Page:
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In the basic Desynn system the transmitter comprises an endless resistance wound on a

circular former, this arrangement being referred to as a 'Toroidal Resistance'. Equally spaced at
120° intervals around the resistor are 3 tappings, it is to these that the signal wires are
connected. Running on the resistor are two wiper arm type contacts that are spaced apart by
180° and insulated from one another, it is to these that system power is applied.

The indicator comprises a two pole permanent magnet rotor, pivoted to rotate inside a soft iron
stator, the pointer being attached to the spindle. The stator carries three star connected
windings that are connected to the three wires coming from the tappings of the transmitter.

The resistance winding of the transmitter is tapped off in three fixed places, usually 120° apart.
These taps distribute current through the toroidal windings of the indicator motor. When current
flows through the windings, a magnetic field is created. Like all magnetic fields, a definite north
and south direction to the field exists. As the transmitter rotor shaft is turned, the
voltage-supplying contact arm moves. Because it contacts the transmitter resistance winding in
different positions, the resistance between the supply arm and the various tapoffs changes. This
causes the voltage flowing through the tap-offs to change as the resistance of sections of the
winding become longer or shorter. The result is that varied current is sent via the tapoffs to the
three windings in the indicator motor.

The resultant magnetic field created by current flowing through the indicator coils changes as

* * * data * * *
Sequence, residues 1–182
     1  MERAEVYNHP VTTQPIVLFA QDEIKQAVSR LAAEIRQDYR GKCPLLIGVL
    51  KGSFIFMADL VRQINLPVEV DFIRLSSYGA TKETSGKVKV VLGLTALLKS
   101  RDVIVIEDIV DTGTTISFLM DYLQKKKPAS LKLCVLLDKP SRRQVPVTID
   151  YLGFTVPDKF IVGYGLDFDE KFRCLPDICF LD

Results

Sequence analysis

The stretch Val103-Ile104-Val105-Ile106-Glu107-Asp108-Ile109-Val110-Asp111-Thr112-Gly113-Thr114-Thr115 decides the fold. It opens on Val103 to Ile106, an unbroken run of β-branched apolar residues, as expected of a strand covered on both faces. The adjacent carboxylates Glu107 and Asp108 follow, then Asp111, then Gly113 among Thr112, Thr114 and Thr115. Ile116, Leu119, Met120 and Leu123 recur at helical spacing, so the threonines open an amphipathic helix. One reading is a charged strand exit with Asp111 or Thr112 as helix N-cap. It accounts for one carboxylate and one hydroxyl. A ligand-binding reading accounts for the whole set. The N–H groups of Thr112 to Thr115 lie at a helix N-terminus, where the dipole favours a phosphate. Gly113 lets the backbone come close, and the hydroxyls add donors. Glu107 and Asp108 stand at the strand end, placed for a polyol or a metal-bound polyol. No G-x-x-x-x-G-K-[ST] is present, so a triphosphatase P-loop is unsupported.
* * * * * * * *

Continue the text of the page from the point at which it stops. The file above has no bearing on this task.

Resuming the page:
each receives varied current from the tap-offs. The direction of the magnetic field also changes.
Thus, the direction of the magnetic field across the indicating element corresponds in position to
the moving arm in the transmitter. A permanent magnet is attached to the centered rotor shaft in
the indicator, as is the indicator pointer. The magnet aligns itself with the direction of the
magnetic field and the pointer does as well. Whenever the magnetic field changes direction, the
permanent magnet and pointer realign with the new position of the field. Thus, the position of
the aircraft device is indicated.

Landing gear contain mechanical devices that lock the gear up, called an up-lock, or down,
called a down-lock. When the DC selsyn system is used to indicate the position of the landing
gear, the indicator can also show that the up-lock or down-lock is engaged. This is done by
again varying the current flowing through the indicator’s coils. Switches located on the actual
locking devices close when the locks engage. Current from the selsyn system described above
flows through the switch and a small additional circuit. The circuit adds an additional resistor to
one of the transmitter winding sections created by the rotor arm and a tap-off. This changes the
total resistance of that section. The result is a change in the current flowing through one of the
indicator’s motor coils. This, in turn, changes the magnetic field around that coil. Therefore, the
combined magnetic field created by all three motor coils is also affected, causing a shift in the
direction of the indicator’s magnetic field. The permanent magnet and pointer align with the new
direction and shift to the locked position on the indicator dial. Figure shows a simplified diagram
of a lock switch in a three-wire selsyn system and an indicator dial.
A lock switch circuit can be added to the basic DC selsyn synchro system when used to indicate
landing gear position and up- and down-locked conditions on the same indicator.
AC Synchro Systems

A magnasyn synchro remote-indicating system uses AC. It has permanent magnet rotors in the
transmitter and indicator.

Aircraft with alternating current (AC) electrical power systems make use of autosyn or
magnasyn synchro remote indicating systems. Both operate in a similar way to the DC selsyn
system, except that AC power is used. Thus, they make use of electric induction, rather than
resistance current flows defined by the rotor brushes. Magnasyn systems use permanent
magnet rotors such as those found in the DC selsyn system. Usually, the transmitter magnet is
larger than the indicator magnet, but the electromagnetic response of the indicator rotor magnet
and pointer remains the same. It aligns with the magnetic field set up by the coils, adopting the
same angle of deflection as the transmitter rotor.